Slice and serve. Flavors will intensify the day (or several hours) after baking.

Cake will keep at room temperature for up to 3 days and refrigerated for up to 4. Plain cake may be triple-wrapped in plastic wrap and frozen for up to 1 month. Thaw overnight in the refrigerator before serving.Gingerbread Cake {Vegan & Gluten-Free}Gingerbread Cake {Vegan & Gluten-Free}Gingerbread Cake {Vegan & Gluten-Free}


Gingerbread Blondies

Gingerbread BlondiesIs anyone else having a hard time concentrating today? I feel like I’m free, but I keep having to remind myself that I still have to

  • make a dinner party tonight
  • frost a cake
  • zip uptown to Zabar’s
  • buy wrapping paper
  • wrap gifts
  • pack those gifts and all my stuff into a suitcase
  • get on a very early flight to Austin

WHEW.Gingerbread BlondiesBut first—Gingerbread Blondies. I promise they’re worth adding to your to-do list.Gingerbread BlondiesI mean, chewy, winter-spiced blondies with fluffy frosting and a jewel-like ginger garnish are basically always worth it.Gingerbread BlondiesGingerbread BlondiesGingerbread BlondiesGingerbread BlondiesGingerbread BlondiesLike Wednesday’s Eggnog Cookies, these holiday-perfect blondies don’t require any skills you don’t already have. Just whisk together a quick batter, bake it, cool it, frost, garnish and slice it.Gingerbread BlondiesBoom—all the sweet Christmas cheer your heart desires, ready to go in just a couple of hours.Gingerbread BlondiesThese Gingerbread Blondies are my last recipe post of 2018. I’ll be taking next Wednesday off to spend time with my family, but I’ll be back on Friday for my annual 10 Most Popular Recipes list.Gingerbread BlondiesIf you celebrate Christmas, I hope you have a merry one! And no matter which holiday you celebrate (or lack thereof), I wish you all a sweet end to 2018.Gingerbread Blondies

Gingerbread Blondies
makes one 8-inch pan

1/2 cup unsalted butter, melted and cooled slightly
2/3 cup light or dark brown sugar, packed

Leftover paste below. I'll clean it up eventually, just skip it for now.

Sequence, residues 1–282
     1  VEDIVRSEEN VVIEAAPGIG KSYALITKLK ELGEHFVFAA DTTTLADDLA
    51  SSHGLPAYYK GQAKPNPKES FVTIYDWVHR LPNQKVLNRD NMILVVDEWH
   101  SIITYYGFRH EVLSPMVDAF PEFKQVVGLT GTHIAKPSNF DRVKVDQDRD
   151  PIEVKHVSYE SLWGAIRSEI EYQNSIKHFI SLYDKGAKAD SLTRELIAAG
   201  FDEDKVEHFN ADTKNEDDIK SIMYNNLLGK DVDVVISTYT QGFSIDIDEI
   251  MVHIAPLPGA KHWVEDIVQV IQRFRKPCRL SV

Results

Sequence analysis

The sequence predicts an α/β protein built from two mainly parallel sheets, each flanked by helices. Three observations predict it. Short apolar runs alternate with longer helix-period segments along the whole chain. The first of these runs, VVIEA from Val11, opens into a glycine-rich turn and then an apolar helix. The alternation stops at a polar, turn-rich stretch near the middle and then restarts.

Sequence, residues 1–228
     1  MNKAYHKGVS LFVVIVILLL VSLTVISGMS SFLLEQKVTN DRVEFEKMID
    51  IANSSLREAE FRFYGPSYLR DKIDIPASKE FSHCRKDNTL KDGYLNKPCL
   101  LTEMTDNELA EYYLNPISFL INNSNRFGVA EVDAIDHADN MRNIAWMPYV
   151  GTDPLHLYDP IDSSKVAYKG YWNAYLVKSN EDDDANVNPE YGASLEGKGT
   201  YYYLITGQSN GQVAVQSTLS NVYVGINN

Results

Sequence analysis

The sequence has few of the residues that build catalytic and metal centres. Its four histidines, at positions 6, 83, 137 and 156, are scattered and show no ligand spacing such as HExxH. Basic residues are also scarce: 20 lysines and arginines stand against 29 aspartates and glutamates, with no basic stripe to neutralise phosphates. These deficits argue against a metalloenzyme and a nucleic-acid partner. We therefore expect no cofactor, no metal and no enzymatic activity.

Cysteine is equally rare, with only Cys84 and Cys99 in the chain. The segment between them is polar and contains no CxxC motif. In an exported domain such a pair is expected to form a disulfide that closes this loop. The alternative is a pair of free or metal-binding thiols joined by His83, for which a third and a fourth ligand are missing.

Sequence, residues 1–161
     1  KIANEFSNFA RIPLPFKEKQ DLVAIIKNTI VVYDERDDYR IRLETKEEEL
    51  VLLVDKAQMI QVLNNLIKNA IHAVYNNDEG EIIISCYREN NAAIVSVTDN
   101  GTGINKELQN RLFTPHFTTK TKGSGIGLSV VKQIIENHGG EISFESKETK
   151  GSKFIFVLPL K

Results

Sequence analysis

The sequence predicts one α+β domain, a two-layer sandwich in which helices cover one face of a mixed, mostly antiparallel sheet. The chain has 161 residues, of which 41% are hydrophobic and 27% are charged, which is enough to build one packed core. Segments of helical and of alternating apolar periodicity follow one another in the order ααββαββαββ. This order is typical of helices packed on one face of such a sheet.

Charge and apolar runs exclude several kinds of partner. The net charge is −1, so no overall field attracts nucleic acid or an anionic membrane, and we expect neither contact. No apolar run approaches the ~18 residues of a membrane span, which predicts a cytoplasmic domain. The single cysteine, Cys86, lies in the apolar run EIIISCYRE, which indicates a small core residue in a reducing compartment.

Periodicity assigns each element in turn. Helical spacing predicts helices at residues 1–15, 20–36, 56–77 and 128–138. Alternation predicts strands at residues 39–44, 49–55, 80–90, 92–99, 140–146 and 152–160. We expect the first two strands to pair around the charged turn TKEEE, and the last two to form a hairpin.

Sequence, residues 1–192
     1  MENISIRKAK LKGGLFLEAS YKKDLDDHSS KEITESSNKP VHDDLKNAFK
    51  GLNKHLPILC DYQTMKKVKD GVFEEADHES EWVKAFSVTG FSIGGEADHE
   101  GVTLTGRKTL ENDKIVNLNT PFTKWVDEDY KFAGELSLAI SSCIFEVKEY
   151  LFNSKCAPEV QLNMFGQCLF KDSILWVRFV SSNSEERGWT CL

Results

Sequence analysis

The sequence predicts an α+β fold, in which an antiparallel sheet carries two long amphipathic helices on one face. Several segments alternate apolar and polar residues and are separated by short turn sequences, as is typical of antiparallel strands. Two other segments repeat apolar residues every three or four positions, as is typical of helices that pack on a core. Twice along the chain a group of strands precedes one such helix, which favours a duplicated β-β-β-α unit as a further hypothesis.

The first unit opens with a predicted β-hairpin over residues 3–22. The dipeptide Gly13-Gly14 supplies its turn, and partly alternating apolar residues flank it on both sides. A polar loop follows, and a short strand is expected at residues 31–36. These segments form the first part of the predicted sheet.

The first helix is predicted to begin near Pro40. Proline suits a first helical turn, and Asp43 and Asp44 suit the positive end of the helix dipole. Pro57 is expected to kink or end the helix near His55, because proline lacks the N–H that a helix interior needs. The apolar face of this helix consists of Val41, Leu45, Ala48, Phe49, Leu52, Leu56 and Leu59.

1/3 cup molasses (not blackstrap)
1 large egg, room temperature
2 teaspoons pure vanilla extract
1 cup all-purpose flour
1 tablespoon ground ginger
2 teaspoons ground cinnamon
1/2 teaspoon ground allspice
1/2 teaspoon ground nutmeg
1/8 teaspoon ground cloves (optional)
pinch of Kosher or sea salt

1/4 cup candied ginger, finely chopped
1 tablespoon coarse sugar (I use turbinado)

Vanilla Buttercream:
1/2 cup (1 stick) unsalted butter, softened to room temperature
2 cups confectioner’s sugar
pinch of Kosher or sea salt
1 1/2 teaspoons pure vanilla extract
2 tablespoons heavy cream

Preheat oven to 350F. Grease an 8-inch square pan, line with parchment, and grease again. Set aside.

In a medium mixing bowl, whisk together butter, brown sugar, and molasses. Mix in egg and vanilla. Add flour, ginger, cinnamon, allspice, nutmeg and salt, and whisk until combined.

Spread batter into prepared pan and bake for 25-28 minutes, or until a toothpick inserted in the center comes out clean or with only a few moist crumbs. Let blondies cool completely in the pan on a rack.

While the blondies are cooling, make the garnish. In a small bowl, toss together candied ginger and coarse sugar. Set aside.

Make vanilla buttercream. In a medium mixing bowl, beat butter until light and fluffy, about two minutes. Beat in confectioner’s sugar in two installments, scraping down the bowl as necessary. Beat in salt, followed by vanilla and heavy cream.

Use an offset icing knife to frost bars. I like to do this in the pan so that the edges are clean. Scatter candied ginger garnish over the top.

Use overhang to carefully lift bars onto a cutting board. Gently peel back edges of the parchment. Use a large, sharp chef’s knife to slice into 16 bars, wiping the knife clean between cuts.

Serve blondies. Store leftovers in an airtight container with wax paper between layers. They will keep at room temperature for up to three days or in the refrigerator for up to five.Gingerbread BlondiesGingerbread Blondies

Gingerbread Scones